On Sunday, May 18, 2008, CBS’s 60 Minutes aired a re-broadcast of the December 16, 2007 story called “A Visit to The Garden Eden.” This “pristine paradise in Indonesia” has been untouched by man. The rain forest did not need more exposure to the world. It has existed beautifully without the presence of man!
CBS correspondent Bob Simon and Bruce Beehler, the lead scientist from “Conservation International,” took a 20-hour flight to Indonesia, boarded a single engine plane, and loaded into a helicopter for a 45-minute ride. Reporters and scientists do not need to add pollution to the rain forest via an airplane and helicopter! How is this helping to conserve the rain forest? According to the article, this is probably why it took Bruce Beehler “24 years of begging before the Indonesian government would let him set foot there.”
Conservation and preservation of rain forests is a fabulous idea. However, this particular rain forest has been doing fine on its own. For example, Bob and Bruce discovered “no sign of human activity, no footprints, no trails, and no Coke cans. There are no sounds except for the sounds of birds.” The exception is if you’re a native and you live in the surrounding area of this Indonesian “paradise.”
Thank goodness for organizations such as Cafe Britt. The organization “contributes 5% of the sale price of all hardwood products to rain forest conservation.” Café Britt’s operation meets or exceeds international environmental standards under the norms of ISO 14001: 2004. Programs and projects are in place to make effective use of natural resources, prevent pollution and minimize negative environmental side effects.” If you are a coffee or chocolate lover, visit Cafe Britt to purchase your Premium gourmet coffee fresh from Costa Rica. Buy online today!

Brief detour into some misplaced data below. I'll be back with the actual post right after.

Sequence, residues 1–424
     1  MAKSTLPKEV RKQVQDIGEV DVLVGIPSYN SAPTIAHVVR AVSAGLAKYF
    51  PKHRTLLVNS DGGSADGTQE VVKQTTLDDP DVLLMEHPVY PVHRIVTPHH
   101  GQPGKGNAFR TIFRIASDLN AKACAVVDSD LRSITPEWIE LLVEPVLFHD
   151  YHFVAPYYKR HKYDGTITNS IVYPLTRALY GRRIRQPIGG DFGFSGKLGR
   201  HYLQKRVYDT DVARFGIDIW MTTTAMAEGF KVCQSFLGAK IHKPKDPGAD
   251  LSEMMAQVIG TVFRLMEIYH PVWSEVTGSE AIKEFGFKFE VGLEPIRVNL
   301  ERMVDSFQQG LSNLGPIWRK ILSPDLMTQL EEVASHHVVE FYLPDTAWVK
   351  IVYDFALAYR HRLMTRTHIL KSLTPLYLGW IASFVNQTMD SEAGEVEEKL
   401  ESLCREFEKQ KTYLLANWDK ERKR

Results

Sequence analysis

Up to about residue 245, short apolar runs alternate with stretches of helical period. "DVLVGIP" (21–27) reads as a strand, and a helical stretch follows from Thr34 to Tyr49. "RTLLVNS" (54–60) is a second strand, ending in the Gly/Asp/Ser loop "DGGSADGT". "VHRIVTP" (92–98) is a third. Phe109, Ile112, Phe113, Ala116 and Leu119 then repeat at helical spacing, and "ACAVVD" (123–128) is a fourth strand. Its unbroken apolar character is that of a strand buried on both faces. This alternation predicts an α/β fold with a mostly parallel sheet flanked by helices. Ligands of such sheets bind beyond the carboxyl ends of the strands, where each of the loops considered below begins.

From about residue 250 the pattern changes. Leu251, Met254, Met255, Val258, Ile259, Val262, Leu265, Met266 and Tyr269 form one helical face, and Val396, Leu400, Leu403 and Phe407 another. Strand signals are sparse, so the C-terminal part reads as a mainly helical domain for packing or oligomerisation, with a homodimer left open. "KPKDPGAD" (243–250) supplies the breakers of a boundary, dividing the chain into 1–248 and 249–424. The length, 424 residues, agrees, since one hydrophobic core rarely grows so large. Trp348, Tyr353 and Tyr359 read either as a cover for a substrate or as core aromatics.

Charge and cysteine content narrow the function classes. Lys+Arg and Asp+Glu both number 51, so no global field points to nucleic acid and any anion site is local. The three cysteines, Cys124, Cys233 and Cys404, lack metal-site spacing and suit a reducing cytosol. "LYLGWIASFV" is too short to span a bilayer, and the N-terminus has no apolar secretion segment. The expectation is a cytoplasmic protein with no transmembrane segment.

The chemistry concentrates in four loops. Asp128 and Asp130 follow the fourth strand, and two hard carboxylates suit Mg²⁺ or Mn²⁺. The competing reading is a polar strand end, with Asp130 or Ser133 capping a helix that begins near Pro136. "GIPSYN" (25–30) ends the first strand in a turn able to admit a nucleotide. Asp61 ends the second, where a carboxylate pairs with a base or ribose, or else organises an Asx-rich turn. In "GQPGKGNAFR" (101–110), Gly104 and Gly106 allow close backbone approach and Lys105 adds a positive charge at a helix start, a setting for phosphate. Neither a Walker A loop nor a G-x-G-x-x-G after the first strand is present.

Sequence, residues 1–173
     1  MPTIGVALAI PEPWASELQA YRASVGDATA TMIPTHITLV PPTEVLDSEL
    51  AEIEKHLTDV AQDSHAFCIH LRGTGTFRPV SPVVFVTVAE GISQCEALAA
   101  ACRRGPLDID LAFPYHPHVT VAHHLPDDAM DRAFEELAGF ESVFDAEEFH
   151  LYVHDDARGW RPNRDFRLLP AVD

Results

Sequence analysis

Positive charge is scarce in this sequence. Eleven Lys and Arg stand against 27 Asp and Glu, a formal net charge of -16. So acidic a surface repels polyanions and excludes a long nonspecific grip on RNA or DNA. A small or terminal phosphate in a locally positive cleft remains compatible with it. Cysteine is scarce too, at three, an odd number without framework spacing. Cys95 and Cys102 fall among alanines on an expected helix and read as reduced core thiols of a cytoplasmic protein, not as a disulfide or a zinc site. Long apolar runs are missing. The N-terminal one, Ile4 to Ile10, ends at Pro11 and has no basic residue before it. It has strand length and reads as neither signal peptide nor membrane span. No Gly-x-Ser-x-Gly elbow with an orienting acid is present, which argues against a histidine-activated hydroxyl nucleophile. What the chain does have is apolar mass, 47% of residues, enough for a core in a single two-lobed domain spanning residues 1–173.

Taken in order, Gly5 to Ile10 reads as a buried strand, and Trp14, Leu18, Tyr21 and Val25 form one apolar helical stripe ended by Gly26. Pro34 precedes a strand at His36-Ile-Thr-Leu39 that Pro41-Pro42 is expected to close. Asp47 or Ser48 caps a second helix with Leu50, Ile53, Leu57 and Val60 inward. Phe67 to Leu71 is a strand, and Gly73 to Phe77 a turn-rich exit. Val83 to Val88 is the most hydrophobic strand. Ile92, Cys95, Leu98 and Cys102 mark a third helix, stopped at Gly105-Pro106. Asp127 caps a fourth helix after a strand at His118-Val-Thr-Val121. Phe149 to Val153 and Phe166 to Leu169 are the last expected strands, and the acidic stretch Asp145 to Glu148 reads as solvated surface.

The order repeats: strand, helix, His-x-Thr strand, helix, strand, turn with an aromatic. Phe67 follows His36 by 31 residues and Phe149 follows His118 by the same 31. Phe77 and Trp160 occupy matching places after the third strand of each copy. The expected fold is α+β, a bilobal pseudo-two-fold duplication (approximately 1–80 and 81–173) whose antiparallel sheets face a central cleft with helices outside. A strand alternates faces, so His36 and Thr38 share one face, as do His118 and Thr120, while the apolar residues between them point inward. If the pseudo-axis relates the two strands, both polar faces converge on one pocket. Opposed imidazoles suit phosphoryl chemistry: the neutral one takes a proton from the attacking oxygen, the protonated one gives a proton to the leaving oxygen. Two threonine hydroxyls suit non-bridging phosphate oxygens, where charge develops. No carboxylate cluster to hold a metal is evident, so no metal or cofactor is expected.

Bruce Beehler was correct when he said “this is a place apart. And I think it’s good that we go away. And we take our memories but allow this place to be as it is and be a special place for centuries to come.” Amen to that!
To learn more about conservation, Indonesia, or rain forests visit Barnes and Noble and pickup some knowledge that could help preserve our Earth!